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Salvaged from the pile 

Sometimes losing your religion means saving your life

Grant says it was 20 years ago today that he found Jesus, and I'd believe him if not for the fact that I know Grant believes in Jesus like I believe in magical wish-granting blow monkeys. But that's not to say he didn't find Jesus back then and then lose him again. Twenty years is a long time -- you can find and lose a lot of things in that time, over and over again.

For example, in that time I lost all my family photographs, and I wish I could say it was due to a house fire or something -- like maybe my mother's trailer burned down, because God knows that woman fell asleep every night with a lit cigarette pinched between her fingers. But it was due to another kind of compound stupidity altogether.

First, my sister threw them all in the garbage. That's not to blame her entirely, because my mother was a junk dealer in the end stage of her life, and after she died it was hard to discern what merited tossing and what didn't. When you never throw anything away at all -- ever, which seemed to be my mother's method of housekeeping -- then you risk getting the good thrown out with the bad when someone else does it for you.

So my sister threw the photo albums in the garbage, but it didn't end there. I think I saw them in the garbage, I remember them peeking out from under the real garbage, in the pouring rain, surrounded by bad lettuce and broken bottles of soy sauce, not to mention the dried palm leaves, gilded opium pipes and other remnants of my mother's taste in interior design. I think I saw the photo albums in the pile and walked on by, all because my brain wouldn't wrap itself around the reality that our family history was in the trash. "Surely those aren't our photo albums," I thought, and shook my head and walked on by. So there you have it: Sometimes the reluctance to accept the foolishness of others proves to be your biggest ignorance.

Then, 10 years later around Christmas, I got a manila envelope in the mail from my other sister. Inside were copies of our family photographs, because my other sister hadn't simply walked on by all those years earlier. She'd seen the foolishness for what it was, dove in and rescued what she could before the rain demolished everything. "Thought you might like these," her note read. I have them all safely framed now, testimony that sometimes the moment you think something is lost forever is right when you find it again.

Twenty Christmases ago, the last thing Grant thought was that he was lost. Twenty Christmases ago, Grant Henry had everything -- a Mercedes, a three-piece suit, a mansion in the suburbs, a pocket watch and a perfect wife with the perfect assortment of children. He talks about it all the time, about how in his past life he was a church deacon and the whole community used to foam at the mouth and fall over themselves when he walked into the room because he was so highly regarded, not to mention envied for his ability to pick the perfect drapery fabric and upholstery patterns. To hear Grant talk, he was Jesus himself back then, walking on water with his arms outstretched, his followers at his feet reaching toward him with tears of adoration welling in their eyes.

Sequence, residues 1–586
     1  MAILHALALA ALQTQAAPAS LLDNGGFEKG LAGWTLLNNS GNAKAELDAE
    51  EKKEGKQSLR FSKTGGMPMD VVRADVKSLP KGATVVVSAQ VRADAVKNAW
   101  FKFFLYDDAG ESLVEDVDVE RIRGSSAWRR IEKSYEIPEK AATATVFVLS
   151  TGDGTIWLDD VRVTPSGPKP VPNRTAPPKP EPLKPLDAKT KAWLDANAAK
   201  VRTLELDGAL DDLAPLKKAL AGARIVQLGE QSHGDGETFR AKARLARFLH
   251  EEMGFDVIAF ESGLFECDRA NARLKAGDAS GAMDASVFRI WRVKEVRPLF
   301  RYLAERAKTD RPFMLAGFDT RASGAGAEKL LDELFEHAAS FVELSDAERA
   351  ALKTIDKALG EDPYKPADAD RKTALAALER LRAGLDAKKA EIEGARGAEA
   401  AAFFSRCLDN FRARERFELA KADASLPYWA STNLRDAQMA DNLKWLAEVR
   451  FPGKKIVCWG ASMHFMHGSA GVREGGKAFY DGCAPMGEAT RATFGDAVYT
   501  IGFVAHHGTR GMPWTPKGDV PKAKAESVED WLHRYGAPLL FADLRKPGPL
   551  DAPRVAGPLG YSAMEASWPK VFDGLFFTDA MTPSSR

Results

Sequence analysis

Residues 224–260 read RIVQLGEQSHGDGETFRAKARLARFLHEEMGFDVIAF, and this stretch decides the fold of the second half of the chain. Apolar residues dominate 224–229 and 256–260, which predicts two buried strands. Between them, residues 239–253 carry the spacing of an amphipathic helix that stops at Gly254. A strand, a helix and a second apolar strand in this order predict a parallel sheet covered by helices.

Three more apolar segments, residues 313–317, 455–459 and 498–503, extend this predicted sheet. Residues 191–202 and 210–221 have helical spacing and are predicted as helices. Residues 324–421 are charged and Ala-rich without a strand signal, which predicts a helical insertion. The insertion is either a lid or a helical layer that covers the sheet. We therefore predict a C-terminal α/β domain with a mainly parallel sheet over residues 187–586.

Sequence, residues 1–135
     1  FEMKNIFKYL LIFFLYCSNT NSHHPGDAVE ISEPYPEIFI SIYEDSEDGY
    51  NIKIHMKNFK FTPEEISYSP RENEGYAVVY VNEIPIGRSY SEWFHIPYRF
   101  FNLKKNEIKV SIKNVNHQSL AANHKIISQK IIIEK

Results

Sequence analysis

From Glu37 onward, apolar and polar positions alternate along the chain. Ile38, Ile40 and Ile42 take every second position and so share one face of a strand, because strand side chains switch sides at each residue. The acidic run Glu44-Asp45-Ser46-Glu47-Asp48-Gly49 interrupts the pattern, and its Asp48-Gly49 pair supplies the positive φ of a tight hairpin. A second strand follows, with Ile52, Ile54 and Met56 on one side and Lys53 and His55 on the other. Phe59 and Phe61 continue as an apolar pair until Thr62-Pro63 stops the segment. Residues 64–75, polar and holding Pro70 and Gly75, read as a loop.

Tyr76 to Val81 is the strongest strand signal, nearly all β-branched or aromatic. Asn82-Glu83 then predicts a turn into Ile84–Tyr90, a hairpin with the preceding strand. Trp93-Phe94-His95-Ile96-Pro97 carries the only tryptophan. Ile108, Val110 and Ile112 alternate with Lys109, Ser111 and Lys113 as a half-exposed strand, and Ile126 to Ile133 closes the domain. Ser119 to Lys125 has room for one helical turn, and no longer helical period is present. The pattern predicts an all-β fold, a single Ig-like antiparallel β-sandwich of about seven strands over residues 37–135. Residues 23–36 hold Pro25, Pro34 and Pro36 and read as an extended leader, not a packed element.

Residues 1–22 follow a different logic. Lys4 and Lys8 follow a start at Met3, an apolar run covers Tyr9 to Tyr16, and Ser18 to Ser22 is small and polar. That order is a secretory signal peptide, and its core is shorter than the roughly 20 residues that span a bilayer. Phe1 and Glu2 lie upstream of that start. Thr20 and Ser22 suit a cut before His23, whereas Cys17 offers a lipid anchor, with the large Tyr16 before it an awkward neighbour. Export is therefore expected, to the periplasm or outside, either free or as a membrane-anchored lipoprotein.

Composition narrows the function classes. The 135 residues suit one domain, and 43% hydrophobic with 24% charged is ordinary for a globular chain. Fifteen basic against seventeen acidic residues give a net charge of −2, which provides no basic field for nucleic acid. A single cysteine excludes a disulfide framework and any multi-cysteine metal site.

"I had everything," he says today, brushing the lapel of his secondhand polyester jacket with the contrast stitching that he bought for a buck at St. Vincent de Paul. He smiles his big, wicked, gay-ass smile. "Everything."

Then, one day two things were slated to happen in his life: He was to close on a real-estate deal that would put him $10,000 ahead, and he was to help his church sponsor an impoverished family for the holidays. "These people were living 10 to a room. They had nothing," Grant recalls. "Nothing." So his church decided to offer these disadvantaged indigents everything they needed, including a large, fully furnished home where they could live rent-free until they got back on their feet. They dispatched Grant to give the family the good news, and he could hardly wait. They could begin moving in that day -- really! -- and Grant could help them.

The family's matriarch met Grant outside her dilapidated apartment, listened to his news and then gently took his hand in hers. "Honey," she said, "not that we don't appreciate this, but I've talked it over with my family, and we decided you should give this gift to someone who really needs it. We have what we need. We have each other and we have Jesus," and at that she closed the door and left Grant standing there on her crumbling stoop with the keys to the new house in his hand.

"That was it for me," Grant recalls today. "Here I thought I had everything, and I had nothing. My life was a lie, a hollow lie. I just got into my car and kept on driving. I cried and cried and cried. That family had nothing, yet they had everything. I had everything, yet I had nothing. That was when I stopped living a lie," Grant insists, "and started living the truth."

"What about the $10,000 commission?" I remind him eagerly. "Did you make the $10,000?"

"Oh, that," he remembers, waving his hand dismissively. "Of course I did, I ain't no fool."

Hollis Gillespie is the author of Confessions of a Recovering Slut and Other Love Stories and Bleachy-Haired Honky Bitch: Tales from a Bad Neighborhood. Her commentaries can be heard on NPR's "All Things Considered."

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